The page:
Some pieces seem to border more on humor than sexuality, do you distinguish?
I don’t. We sometimes think that pornography must be serious and that you’re not supposed to laugh at sex. But if you look at some of these objects, you realize that people do laugh about sex and always did. There’s a peach pit monkey in my book, for example. This monkey has an enormous erection that it holds in one hand. In the other hand, it thumbs his nose at the viewer. It was carved by a prisoner around 1940. What better symbol for a prisoner than this tiny peach pit carving of a monkey thumbing his nose back at the warden who confiscated it. An anthropologist said that some things are good for thinking. Sex is good for thinking.
You make a distinction between what people buy and what people make. What does the self-made object tell us that the mass-produced cannot?
Handmade objects let you hear people communicate in their own idiom. If you think of Aristotle’s Masterpiece (circa 1684), which other scholars have looked at to talk about our vernacular sexuality, it was a mass-produced pamphlet from Europe. It had a tradition in the European publishing trade before it came to America. I don’t think that’s where you’re going to find the American vernacular. The American sexual vernacular is going to come from handmade pamphlets, handmade carvings and scrimshaw that allowed people to develop their own voices about sexuality. Those voices might be a little less cosmopolitan, a little less polished and a little more rural. But they spoke to American ideas and culture.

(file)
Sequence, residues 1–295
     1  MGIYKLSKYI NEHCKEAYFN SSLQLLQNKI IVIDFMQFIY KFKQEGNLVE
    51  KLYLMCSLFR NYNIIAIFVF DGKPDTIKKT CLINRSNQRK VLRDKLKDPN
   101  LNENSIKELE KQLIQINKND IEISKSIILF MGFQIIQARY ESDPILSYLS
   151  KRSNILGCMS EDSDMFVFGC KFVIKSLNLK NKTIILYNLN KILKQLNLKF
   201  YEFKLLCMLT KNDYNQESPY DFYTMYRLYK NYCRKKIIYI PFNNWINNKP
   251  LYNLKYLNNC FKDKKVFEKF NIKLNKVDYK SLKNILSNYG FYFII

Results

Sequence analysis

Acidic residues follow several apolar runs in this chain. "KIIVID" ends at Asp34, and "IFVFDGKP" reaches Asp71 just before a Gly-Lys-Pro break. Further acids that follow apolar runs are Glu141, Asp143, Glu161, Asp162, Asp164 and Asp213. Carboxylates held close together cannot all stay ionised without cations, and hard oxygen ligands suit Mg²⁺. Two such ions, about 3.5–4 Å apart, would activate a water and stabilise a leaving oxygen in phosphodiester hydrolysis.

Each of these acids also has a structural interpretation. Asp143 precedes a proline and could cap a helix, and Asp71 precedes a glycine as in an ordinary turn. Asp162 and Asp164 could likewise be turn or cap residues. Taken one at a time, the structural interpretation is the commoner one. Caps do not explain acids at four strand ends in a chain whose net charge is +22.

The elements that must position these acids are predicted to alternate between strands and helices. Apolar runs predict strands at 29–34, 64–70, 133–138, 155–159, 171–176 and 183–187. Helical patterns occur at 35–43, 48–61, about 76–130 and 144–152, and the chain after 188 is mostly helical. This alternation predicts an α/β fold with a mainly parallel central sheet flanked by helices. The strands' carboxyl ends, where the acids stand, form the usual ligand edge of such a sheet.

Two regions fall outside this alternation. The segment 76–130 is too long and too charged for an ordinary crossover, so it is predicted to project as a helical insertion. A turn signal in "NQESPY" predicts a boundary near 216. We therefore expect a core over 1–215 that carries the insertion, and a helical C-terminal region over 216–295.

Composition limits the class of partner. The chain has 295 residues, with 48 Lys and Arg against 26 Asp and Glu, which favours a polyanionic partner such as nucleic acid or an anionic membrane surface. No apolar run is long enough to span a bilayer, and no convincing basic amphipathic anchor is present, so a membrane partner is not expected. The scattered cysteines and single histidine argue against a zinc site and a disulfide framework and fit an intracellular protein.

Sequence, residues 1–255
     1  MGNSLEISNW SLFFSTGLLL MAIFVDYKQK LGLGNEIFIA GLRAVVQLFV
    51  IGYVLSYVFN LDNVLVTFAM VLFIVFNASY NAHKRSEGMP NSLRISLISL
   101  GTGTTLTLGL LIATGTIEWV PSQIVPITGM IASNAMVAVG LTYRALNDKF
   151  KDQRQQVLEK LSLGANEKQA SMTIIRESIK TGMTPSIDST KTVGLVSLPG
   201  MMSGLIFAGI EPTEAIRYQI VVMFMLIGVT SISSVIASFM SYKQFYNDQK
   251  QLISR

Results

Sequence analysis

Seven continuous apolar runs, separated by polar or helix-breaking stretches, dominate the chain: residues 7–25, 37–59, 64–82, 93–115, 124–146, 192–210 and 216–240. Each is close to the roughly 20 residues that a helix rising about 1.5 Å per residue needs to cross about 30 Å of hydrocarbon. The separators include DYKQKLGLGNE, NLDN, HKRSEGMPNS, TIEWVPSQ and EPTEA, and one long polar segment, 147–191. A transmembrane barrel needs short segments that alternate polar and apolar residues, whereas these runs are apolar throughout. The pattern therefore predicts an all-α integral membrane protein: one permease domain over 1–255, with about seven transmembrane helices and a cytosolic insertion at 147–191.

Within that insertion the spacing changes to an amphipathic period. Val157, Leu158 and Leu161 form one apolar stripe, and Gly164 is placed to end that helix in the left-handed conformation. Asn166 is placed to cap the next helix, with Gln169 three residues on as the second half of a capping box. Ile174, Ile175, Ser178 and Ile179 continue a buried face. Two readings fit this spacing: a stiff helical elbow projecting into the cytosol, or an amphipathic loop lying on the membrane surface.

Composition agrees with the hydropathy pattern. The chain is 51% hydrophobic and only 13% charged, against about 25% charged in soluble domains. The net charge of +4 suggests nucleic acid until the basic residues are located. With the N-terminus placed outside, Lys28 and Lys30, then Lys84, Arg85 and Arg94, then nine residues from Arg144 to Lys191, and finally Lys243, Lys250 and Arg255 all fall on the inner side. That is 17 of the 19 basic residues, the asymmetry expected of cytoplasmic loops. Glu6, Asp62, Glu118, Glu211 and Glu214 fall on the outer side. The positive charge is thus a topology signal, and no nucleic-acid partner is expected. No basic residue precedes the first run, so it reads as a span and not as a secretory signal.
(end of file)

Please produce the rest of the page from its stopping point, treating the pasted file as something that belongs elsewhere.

In what ways are they less polished?
They were less culturally polished. My first book was on Nineteenth Century British commercial pornography, and there you’ll find absolutely beautiful etchings. They were struck off in copies at 150 to 300 a run, but they were professional products that came from a commercial tradition. When you compare those books and those images with the homemade, there’s a roughness in handmade objects that you don’t see in commercial productions. But the handmade objects are also richer in meaning – there’s room for emotions in handmade material that commercial materials didn’t engage with because that’s not where the money was. With handmade objects, their makers created the thing that they wanted to envision rather than trying to communicate what someone else wanted to see. It’s more in tune to someone’s heart’s desires, only mediated by their skill.
Does the skill make a difference to you?